Here are some quick tips about using fertilizers and mulch in the garden. First, know where your fertilizer is coming from. If it is coming from animals on commercial feed, the commercial feed may contain GMO plants, which can be sprayed with and contain herbicide. If there is herbicide in your manure, you will not get so much as a weed to grow, and if a few weeds grow, you can bet they are herbicide resistant, and very hard to get rid of…
Mulch follows the same rule, know where you are getting it from, because if it has been sprayed with any type of herbicide, it will remain in your soil for a very long time, which will not be beneficial to your garden.
If you are going to use tree trimmings, a great place to get them is your local county yard. Generally, they do not waste the money to spray them before trimming, so they can be a safe way to get your shredded wood. The trick is to get it ahead of time, let it sit for several months before putting it on your fall garden to finish the decompose before planting the following spring. I like to keep piles of it decomposing over different periods, to use when I start a new area. I have had about a ¼ of my new garden mulched for the last six months, and this is where I will pick up this spring with planting. I generally start with a 4 – 6” layer, and continue to add an inch or two every year after. If you try this, you will be amazed at the soil underneath! Just sayin!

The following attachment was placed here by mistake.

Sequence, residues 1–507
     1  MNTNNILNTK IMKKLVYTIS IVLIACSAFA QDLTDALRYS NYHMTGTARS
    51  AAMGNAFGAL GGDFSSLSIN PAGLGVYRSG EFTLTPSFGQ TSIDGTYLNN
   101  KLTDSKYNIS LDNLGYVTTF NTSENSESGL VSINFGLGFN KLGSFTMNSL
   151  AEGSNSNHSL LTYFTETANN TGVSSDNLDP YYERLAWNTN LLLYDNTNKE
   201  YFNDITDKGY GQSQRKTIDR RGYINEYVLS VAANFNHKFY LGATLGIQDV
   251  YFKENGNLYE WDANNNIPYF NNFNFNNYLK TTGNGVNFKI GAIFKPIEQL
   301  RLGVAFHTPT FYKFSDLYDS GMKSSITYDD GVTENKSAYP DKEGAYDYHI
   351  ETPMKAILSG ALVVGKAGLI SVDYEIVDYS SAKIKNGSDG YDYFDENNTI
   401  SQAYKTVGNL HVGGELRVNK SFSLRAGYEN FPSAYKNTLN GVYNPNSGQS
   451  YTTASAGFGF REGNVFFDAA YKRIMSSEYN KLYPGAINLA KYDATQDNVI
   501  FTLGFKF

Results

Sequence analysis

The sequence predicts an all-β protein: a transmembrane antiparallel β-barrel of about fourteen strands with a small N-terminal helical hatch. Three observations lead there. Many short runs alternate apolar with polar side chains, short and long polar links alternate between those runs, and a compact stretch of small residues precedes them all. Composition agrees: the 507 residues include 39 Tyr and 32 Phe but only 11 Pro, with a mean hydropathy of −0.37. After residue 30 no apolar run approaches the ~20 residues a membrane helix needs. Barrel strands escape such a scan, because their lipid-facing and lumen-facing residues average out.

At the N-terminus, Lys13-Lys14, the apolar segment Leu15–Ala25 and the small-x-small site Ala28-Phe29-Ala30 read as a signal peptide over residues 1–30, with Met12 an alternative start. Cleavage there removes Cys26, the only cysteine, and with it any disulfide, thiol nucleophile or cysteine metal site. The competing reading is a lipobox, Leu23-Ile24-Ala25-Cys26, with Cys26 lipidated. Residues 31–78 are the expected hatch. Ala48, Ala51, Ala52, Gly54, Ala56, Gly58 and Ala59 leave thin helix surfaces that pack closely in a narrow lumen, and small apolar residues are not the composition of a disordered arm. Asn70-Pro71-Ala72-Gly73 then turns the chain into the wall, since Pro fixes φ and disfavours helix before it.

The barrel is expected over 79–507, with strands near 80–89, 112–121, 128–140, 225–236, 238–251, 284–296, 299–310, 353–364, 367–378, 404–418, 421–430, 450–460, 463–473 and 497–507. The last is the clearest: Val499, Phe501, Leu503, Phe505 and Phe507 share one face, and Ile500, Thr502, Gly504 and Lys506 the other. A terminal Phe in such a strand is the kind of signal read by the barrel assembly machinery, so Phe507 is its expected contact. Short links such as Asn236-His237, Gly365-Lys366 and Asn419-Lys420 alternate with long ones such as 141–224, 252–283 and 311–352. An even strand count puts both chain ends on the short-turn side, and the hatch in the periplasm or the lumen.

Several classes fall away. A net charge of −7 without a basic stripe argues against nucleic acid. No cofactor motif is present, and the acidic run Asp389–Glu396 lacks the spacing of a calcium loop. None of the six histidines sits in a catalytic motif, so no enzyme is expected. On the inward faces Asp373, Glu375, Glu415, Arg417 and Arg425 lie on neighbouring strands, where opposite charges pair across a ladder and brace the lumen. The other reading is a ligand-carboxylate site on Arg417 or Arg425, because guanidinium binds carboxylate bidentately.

If you are going to use hay, understand that you must keep it thick at all times. Because it has all the seeds attached, it will sprout quicker than you can blink if your hay packs down. And if you decide to switch methods, be aware that those same seeds will sprout very quickly if the ground is turned and you will have a mess on your hands. (This is EXPERIENCE talking here!)
Straw is great, but again, know where you are getting it from, and be prepared to have wheat in your garden. If it is GMO wheat, it has been sprayed with herbicide. It is always a shock when you get a bad batch of something and your entire garden does nothing! Definitely worth crying about on my part!
In some parts I will till the garden where I am going to plant for the first time, and in others, I will simply lay the mulch down several months in advance of planting. You know your soil and which will work the best. In some areas, I till first to both break up the soil, pull weeds and grasses more easily, and to give a first year boost to nutrients, but this is a short term nutrient fix. You will have to add nutrients back to the soil, the decision is whether to add them every year all at once when tilling, or to add them gradually through the season as you harvest and care for your garden. I have done both, and am now firmly in the no till, fertilize as you go camp!